Posted by Tim Fountain on 00:00, 30/10/2000
| Games, RISC OS, Reviews
Although Doom+ is technically only version 2.01 of Doom, the original Doom review was written several months ago, and so many new features have been added since then that I think it warrants a new review. The old review (by Richard Goodwin and Alasdair Bailey) is still available for you to read.
|Doom is one of the most popular games of all time. It has sold well over 1.5 million copies worldwide, has over 30 newsgroups dedicated to it and the total number of webrings is in triple figures. A search for 'Doom' in AltaVista gives you over half a million pages to choose from. The game is nearly five years old now, but people still play it. It seems to have had an equally good reception in it's transition to the Acorn platform, but what does the new version have to offer?
After installing, the first noticeable difference is the new improved front-end. WADs that are dropped onto the window now appear in the 'Add on WAD files' box (allowing easier selection), and there are a selection of new icons along the bottom of the screen which allow you to fiddle with all sorts of aspects of the game before you begin to play. Whilst not exactly style guide compliant (an exclamation mark icon to close the window -- 'Cancel' anyone?), this new frontend is an improvement.
|Among the new 'video' options is a 'Bright 24-bit colour' tickbox, which allows the 24-bit mode to be brightened, useful for those dark corridors. Note that the alternative resolution selection box now reads 'variable' rather than 'higher'. This is because resolutions lower than 320x240 can now be used as well as higher. Experimentation with the beta version a few weeks ago proved that resolutions as low as 24x24 pixels are possible (note the absense of the word 'playable' in that sentence).
Clicking on the Doom icon to get the 'loading' window reveals a couple more features, 'faster load', and the cached startup. The 'faster load' simply disables multi-tasking during loading (providing a slight speed increase), and the cached startup will vastly reduce the load time of the game on subsequent ocassions.
|The main visual enhancement is the addition of transparencies and translucencies. This means that you can now 'see through' explosions, and the invisibility token gives your weapon of choice lovely full translucency. The translucency doesn't quite stretch to all events, the destruction of lost souls for example. It also slows the game down slightly, but this isn't noticeable as this version is about 30% faster than before.
|Melt fades have been introduced for the screen changes, making the game 'feel' a lot slicker. When playing the game in full screen mode, you also get to see more of the weapon (DIY Doom style). This looks especially good in Doom2 with the super shotgun...
|You now have the option of slotting your favourite CD in your CD drive and listening to that while playing, especially useful if you don't have the appropriate hard/software to allow you to hear the proper (MIDI) Doom music in it's full glory. There is also an 'atmospheric' option, meaning that the volume of the music will be increased during dramatic parts of the game. Personally, I couldn't really hear much difference with this switched on, but then perhaps my hearing isn't all that good, or maybe I have the music too loud anyway.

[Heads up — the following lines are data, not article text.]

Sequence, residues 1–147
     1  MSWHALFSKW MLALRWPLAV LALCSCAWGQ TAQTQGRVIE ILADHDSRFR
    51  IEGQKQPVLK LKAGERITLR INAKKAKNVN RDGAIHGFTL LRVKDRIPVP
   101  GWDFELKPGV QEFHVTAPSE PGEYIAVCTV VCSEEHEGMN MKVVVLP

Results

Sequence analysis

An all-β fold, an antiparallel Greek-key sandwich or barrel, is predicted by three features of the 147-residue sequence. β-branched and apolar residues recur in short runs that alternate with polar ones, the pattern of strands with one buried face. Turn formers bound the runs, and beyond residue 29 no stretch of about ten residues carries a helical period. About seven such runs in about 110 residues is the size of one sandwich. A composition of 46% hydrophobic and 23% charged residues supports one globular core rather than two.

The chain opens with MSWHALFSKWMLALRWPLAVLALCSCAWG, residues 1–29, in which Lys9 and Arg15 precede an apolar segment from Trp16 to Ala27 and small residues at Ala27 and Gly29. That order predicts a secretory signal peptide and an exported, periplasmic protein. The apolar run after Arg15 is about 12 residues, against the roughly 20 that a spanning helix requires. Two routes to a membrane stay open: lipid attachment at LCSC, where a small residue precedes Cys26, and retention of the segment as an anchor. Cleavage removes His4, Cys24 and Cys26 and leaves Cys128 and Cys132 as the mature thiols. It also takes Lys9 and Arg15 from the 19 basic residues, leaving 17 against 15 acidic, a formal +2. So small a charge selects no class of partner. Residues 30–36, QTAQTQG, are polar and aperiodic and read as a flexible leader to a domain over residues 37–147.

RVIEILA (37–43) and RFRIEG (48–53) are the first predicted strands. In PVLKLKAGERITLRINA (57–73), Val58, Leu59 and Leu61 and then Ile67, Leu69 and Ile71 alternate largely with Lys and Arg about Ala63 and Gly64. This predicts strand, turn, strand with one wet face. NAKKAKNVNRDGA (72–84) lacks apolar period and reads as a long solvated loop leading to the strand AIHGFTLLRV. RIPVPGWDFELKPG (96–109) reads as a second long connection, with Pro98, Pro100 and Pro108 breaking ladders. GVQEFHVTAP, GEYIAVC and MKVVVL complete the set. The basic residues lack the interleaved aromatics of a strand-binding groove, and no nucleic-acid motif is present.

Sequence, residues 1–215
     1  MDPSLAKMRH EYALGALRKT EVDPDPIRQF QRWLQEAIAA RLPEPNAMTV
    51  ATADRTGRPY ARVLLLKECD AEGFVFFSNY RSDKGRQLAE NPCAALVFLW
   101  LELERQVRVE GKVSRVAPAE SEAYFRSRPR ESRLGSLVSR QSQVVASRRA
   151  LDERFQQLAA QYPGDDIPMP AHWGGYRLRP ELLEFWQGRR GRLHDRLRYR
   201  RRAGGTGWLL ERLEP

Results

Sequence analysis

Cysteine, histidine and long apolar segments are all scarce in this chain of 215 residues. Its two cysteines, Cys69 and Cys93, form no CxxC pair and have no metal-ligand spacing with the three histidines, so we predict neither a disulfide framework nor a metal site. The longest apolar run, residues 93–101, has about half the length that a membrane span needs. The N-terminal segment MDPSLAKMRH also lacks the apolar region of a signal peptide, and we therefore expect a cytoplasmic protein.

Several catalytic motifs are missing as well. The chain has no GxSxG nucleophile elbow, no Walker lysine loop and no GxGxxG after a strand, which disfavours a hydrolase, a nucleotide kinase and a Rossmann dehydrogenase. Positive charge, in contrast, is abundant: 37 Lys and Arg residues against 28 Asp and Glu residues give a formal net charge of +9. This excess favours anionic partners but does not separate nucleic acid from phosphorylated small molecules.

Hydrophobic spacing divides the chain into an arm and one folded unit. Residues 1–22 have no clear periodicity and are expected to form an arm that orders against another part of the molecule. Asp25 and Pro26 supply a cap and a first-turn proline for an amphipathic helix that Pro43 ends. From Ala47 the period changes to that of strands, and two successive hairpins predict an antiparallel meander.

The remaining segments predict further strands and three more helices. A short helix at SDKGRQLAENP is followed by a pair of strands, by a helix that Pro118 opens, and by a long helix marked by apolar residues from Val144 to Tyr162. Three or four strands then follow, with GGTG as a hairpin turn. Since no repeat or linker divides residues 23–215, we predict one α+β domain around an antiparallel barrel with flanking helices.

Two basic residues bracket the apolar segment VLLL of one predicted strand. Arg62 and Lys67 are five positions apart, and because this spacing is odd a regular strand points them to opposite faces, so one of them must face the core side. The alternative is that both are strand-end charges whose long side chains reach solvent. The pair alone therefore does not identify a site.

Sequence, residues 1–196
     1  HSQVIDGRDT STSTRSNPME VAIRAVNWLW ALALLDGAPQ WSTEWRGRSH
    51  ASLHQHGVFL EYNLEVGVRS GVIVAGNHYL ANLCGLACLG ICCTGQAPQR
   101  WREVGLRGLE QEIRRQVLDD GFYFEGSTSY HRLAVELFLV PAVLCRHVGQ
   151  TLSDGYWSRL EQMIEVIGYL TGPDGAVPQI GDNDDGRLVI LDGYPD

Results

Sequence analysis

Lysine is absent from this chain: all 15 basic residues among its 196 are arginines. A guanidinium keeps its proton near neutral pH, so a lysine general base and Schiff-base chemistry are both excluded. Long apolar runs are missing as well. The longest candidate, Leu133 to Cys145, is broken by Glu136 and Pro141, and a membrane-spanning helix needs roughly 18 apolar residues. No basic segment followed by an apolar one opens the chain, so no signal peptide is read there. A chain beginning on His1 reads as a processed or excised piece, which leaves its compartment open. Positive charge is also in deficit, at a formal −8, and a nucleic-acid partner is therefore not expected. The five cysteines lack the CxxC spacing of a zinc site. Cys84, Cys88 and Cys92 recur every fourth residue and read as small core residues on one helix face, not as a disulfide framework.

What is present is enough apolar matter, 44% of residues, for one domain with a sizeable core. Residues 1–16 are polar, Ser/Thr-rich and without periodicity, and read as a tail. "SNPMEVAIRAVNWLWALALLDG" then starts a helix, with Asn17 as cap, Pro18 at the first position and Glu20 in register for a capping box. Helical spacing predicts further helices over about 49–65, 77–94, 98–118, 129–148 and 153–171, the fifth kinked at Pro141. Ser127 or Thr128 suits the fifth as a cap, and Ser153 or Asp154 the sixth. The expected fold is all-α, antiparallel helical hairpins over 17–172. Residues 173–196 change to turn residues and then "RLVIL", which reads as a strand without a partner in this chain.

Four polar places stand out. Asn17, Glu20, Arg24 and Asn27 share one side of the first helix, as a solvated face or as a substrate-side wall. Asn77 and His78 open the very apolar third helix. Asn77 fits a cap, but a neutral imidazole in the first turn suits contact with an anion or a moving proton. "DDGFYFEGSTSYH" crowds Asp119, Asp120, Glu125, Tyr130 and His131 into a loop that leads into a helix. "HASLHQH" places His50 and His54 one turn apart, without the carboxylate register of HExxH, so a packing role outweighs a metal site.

|There are several new options concerning the automap, the most useful of which is the 'picture in picture' mode, where the map is displayed in the corner of the screen while you're playing. This is extremely useful when navigating labyrinths with a lot of monsters in, as you can find your way around without having to worry about bumping into any demons without realising. The map can now be anti-aliased, which you get used to very quickly and won't want to ever turn off. There's even an Aliens style proximity detector!
|With Doom+, you can almost throw away DeUSF. Almost all patch WADs that previously required it can now be played without it. Most of the compatibilty problems with alternate levels on previous versions of Doom relate to bad level coding, but Doom+ is a lot more tolerant to these. You'll now be hard pushed to find a level that doesn't work with it.
|Following a lot of mixed reports when the first Acorn Doom net drivers were released earlier in the year, RCI have been working on them. The versions bundled with Doom+ are a lot better, although still not faultless. Technically, Acorn to PC deathmatching should be possible, although our experiments with this were not exactly successful. Acorn to Acorn Doom is apparently possible providing the options selected are the same in each ('PC game' and 'New features'). Serial and LAN play is reported to be more reliable.
|It really does seem that RCI kept adding features until they ran out of ideas. There are a whole host of new cheats (not all documented -- I haven't found them all yet), my favourite of which is IDSPREAD. Let's just say that this makes the plasma gun more effective at clearing a room than the BFG, (although using it in an enclosed space will slow the game to a crawl). You've even now got the option of a clock in the bottom right hand corner of your screen, (with alarm, naturally).
|Overall, this upgrade is a must for Doom enthusiasts, and if you haven't got the game yet, why not? The 'What's new?' textfile supplied is nearly as long as this review, that's how many new features and improvements there have been. This upgrade improves an already excellent game, what more can I say? Put it this way - within two days of getting the Acorn Arcade review copy, I'd already ordered my own version, and I haven't bought a game since, well, Doom.
To sum up
- One of the most popular games ever
- Very addictive
- Every feature imaginable
- Some of the (optional) new
features slow game down a little